Planning a multiday adventure, taking a short day hike or schlepping books from class to class? You need a backpack that fits your needs AND your body, correctly. Surprisingly, the size of the pack you choose, doesn't depend on your height, so what measurements do you need to choose the right pack?
When sizing up a pack the first thing you want to do is measure your torso length. NAO staff can help you find this measurement. First, we will have you put a finger on the back of your neck and tilt your head back. You're looking for a bony point on your spine at the base of your neck and it is easier to find if you tilt your head back. Next, stand up straight and grab on to your hips, right at the hipbones, not at your waist or around your stomach. You should be able to feel the bones. Put your hands on your hips so that your thumbs are pointing towards each other behind your back. We will measure the distance from the bony point on your spine to the invisible line your thumbs are making. That is your torso length. Most people fall in a range between 14 and 21 inches. If your torso is less than 18 inches long, you'll typically take a small suspension system; 18 to 20 inches calls for a medium; 21 inches or more requires a large.
The next thing you need to figure out is if you are small, medium or large framed. This is pretty easy to do. Take your thumb and forefinger and place them around your wrist. If your fingers touch easily, then you are small framed. If your fingers don't touch, but just barely, then you are medium framed. If your fingers don't touch at all and couldn't even if you squeezed as hard as you could, your large framed.
Take your tape measure and wrap it around the top of your hips. The correct measurement is along the line that radiates out from your belly button to your sides and the high points of your hip bones. A properly positioned hip belt will straddle your hips about an inch above and below that latitude line, wrapping around the 2 pointy pelvic bones on the front of your body. The hip belt should ride on your hips, transferring the weight to your skeletal structure. It's because of this belt-to-bone contact that the belt is padded. Make sure the pads don't touch in front, you are looking for a pack that will fit around your hips and still leave around three inches of adjustment on each side of the buckle.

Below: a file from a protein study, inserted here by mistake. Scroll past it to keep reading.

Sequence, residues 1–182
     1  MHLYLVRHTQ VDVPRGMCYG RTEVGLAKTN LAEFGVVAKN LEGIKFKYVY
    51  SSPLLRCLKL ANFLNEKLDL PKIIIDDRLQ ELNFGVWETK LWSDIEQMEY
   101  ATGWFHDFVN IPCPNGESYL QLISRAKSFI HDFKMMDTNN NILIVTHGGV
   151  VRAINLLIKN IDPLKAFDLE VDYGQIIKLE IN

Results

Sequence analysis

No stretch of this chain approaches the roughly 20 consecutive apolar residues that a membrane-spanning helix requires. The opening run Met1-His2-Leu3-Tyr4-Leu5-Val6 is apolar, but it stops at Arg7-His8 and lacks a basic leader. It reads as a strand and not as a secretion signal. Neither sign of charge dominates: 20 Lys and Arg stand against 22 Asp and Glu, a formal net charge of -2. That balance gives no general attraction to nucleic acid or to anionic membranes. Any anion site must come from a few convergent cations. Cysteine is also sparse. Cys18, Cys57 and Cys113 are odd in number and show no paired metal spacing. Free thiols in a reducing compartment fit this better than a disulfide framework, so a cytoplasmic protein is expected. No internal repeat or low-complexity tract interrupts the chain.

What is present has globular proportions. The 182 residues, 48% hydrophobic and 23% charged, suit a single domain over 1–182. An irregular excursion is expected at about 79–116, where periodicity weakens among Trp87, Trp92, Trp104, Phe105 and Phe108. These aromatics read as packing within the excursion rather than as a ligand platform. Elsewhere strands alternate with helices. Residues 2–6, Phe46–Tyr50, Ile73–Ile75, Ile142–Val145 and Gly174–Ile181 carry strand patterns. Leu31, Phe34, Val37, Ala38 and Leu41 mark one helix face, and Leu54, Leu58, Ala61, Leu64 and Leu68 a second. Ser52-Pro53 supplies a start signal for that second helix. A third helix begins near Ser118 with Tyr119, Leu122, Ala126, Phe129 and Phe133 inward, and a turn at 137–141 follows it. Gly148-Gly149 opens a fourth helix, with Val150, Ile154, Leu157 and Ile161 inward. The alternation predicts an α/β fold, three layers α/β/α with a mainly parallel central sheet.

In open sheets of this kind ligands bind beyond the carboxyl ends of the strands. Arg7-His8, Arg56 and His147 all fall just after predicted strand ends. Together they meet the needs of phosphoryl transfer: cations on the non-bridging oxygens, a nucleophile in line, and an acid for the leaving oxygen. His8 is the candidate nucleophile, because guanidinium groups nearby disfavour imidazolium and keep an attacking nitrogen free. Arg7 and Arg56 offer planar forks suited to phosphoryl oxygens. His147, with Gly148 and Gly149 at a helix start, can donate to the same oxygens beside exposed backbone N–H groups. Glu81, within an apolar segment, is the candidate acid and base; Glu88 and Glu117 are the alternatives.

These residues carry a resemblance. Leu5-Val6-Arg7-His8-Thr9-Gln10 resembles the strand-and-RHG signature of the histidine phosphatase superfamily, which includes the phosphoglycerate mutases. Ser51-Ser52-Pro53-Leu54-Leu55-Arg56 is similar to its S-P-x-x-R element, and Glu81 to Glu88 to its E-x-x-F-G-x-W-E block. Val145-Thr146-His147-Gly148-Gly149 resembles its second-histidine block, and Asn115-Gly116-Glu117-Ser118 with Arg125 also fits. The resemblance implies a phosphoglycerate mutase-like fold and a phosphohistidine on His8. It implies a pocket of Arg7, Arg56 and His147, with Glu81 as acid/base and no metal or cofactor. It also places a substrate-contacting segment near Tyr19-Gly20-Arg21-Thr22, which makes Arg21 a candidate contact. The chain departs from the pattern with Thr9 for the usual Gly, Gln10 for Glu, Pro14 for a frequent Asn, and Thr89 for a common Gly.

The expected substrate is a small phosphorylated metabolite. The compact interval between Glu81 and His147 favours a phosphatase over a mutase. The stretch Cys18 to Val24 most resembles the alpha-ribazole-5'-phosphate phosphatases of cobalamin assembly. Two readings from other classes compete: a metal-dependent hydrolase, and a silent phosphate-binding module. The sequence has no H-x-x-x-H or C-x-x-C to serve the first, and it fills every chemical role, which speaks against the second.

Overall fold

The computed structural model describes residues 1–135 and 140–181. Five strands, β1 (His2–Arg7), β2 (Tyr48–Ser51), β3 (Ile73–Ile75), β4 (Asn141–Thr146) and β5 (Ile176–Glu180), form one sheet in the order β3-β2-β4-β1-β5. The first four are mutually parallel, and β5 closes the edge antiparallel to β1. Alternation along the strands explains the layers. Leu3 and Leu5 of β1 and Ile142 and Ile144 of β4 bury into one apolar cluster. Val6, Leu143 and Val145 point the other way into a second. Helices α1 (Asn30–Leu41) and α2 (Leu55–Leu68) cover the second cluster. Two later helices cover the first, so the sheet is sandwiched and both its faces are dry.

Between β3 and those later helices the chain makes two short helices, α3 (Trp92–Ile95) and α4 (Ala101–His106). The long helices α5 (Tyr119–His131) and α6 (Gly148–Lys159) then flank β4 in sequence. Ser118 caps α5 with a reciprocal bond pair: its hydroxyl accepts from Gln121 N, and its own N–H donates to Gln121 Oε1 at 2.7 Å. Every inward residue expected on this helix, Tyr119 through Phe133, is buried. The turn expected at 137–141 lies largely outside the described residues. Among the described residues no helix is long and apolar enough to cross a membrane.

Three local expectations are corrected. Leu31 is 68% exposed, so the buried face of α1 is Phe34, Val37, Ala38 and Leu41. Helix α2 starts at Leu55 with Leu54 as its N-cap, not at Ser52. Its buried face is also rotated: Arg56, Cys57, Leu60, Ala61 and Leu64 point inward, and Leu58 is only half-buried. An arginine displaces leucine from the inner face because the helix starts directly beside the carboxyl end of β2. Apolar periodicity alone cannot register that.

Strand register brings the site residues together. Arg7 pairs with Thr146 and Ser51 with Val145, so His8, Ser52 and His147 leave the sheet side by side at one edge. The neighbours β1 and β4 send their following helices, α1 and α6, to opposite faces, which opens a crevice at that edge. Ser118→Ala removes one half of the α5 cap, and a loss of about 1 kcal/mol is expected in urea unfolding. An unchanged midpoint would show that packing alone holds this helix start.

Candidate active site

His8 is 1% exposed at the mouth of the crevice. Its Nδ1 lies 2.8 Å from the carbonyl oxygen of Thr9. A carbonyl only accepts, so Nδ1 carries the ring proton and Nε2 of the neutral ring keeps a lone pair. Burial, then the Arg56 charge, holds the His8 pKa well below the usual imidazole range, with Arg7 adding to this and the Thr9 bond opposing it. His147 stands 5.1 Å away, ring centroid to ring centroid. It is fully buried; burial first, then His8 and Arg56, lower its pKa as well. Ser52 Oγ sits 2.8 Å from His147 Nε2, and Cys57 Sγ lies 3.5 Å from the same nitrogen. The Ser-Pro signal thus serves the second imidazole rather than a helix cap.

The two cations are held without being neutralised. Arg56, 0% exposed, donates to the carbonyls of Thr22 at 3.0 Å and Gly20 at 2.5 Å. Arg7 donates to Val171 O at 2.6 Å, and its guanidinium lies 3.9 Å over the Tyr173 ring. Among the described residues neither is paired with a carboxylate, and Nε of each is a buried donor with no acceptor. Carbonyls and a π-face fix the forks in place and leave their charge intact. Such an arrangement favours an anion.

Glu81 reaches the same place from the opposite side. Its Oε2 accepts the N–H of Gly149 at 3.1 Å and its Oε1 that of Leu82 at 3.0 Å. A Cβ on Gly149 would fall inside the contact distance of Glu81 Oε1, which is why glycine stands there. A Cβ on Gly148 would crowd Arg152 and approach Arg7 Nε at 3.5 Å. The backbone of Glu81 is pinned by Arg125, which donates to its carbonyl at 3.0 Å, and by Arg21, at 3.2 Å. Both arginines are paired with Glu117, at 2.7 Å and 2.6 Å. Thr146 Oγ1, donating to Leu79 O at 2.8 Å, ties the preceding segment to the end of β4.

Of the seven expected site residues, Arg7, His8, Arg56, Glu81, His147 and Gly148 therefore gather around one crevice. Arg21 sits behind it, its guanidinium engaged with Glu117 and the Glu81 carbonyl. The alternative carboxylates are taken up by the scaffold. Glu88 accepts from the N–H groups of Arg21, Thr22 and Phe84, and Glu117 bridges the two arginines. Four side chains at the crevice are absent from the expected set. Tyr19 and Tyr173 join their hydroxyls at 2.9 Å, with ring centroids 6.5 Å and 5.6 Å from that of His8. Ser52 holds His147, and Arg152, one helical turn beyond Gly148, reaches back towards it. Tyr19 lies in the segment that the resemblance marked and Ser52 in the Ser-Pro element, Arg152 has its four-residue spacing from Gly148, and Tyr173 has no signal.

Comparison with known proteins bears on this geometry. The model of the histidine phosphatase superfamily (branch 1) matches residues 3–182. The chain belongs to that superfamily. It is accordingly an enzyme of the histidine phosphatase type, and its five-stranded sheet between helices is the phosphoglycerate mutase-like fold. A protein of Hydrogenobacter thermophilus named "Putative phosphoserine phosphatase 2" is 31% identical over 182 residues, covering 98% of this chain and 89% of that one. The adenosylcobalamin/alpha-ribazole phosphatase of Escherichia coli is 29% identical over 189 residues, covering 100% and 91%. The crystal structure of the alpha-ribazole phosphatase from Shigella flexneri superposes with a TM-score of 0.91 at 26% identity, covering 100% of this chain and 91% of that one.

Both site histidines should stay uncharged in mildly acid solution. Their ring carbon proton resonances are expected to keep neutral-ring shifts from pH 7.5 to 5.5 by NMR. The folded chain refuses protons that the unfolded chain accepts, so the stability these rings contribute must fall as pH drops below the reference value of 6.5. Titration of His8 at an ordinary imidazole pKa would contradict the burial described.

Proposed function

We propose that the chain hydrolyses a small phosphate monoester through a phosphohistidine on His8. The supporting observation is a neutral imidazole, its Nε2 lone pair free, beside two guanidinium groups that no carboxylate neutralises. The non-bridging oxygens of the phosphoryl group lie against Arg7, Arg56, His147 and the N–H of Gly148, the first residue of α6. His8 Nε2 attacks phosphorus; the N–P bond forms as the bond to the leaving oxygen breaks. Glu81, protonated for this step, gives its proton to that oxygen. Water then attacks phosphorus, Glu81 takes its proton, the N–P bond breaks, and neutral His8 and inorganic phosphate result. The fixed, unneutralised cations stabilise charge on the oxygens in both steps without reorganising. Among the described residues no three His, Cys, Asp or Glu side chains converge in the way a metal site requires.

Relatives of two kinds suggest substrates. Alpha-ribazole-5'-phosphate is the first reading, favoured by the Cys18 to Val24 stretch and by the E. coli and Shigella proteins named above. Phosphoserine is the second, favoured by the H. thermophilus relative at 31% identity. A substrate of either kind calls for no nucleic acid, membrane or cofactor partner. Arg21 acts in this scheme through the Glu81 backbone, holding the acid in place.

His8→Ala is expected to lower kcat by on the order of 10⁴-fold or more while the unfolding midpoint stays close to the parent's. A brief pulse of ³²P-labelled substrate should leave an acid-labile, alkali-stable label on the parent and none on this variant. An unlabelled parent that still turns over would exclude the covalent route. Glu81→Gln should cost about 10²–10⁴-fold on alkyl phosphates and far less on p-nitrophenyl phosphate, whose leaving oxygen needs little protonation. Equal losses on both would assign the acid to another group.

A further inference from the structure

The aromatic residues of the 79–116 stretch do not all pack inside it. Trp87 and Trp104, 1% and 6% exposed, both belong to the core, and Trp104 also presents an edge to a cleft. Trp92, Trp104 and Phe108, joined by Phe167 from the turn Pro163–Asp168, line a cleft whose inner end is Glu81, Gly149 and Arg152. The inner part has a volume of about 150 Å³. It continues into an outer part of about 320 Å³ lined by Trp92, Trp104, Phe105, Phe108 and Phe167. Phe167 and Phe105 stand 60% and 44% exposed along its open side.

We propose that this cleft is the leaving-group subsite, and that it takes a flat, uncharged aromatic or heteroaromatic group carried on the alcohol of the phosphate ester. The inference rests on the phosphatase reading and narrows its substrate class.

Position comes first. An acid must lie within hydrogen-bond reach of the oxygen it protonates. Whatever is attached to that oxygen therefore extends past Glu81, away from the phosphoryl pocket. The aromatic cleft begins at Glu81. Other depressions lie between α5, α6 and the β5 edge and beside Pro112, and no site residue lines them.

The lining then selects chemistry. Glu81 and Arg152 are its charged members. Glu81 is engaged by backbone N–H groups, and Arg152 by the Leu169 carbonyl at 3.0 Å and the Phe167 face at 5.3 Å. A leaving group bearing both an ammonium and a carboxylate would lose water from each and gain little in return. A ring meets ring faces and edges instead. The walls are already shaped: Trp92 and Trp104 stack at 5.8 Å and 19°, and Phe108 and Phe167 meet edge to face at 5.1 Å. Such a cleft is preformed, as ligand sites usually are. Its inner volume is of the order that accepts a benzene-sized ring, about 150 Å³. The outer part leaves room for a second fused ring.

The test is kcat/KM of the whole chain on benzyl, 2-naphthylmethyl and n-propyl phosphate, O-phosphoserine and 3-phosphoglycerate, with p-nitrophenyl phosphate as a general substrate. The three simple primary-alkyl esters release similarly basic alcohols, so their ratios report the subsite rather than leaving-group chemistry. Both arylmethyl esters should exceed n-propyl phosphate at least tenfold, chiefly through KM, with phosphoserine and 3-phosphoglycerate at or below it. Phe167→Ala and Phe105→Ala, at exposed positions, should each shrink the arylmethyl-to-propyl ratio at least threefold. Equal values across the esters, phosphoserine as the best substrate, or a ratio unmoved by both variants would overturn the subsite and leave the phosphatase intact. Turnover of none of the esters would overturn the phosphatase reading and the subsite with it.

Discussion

Some shoulder straps sprout from the harness in a Y, others in an H. Some you can adjust to suit your neck and shoulders. The straps should anchor to the pack just below the crest of your shoulders. From there, they should make a close-contact wrap of your shoulders. The bottom of the strap should rest at least a hand's width below your armpit so that it doesn't ride up. If the straps don't match the contours of your neck and shoulders, they will pinch and bruise.
Once your hip belt and shoulder straps fit just right, feel for a strap that runs from the top of your shoulder strap up to the frame and tighten it.
These are stitched into the top of the shoulder straps, and they connect to the top of the pack frame. Ideally, they will form a 45° angle between your shoulder straps and the pack. Kept snug (but not too tight), they prevent the upper portion of a pack from pulling away from your body, which would cause the pack to sag on your lumbar region.
The mid-chest strap allows you to connect your shoulder straps, which can boost your stability. It can be useful to do so when traveling on uneven cross-country terrain where an awkward move could cause your pack to shift abruptly and throw you off-balance.
Move the strap up or down to its most comfortable position.
When fitting a pack to a child it is recommended that the load in the backpack not exceed 10-15 percent of your child's weight. Therefore, a 100-pound child should not carry a pack weighing more than 10-15 pounds. The heaviest items should always be placed closest to the back to diminish stress on the lumbar spine.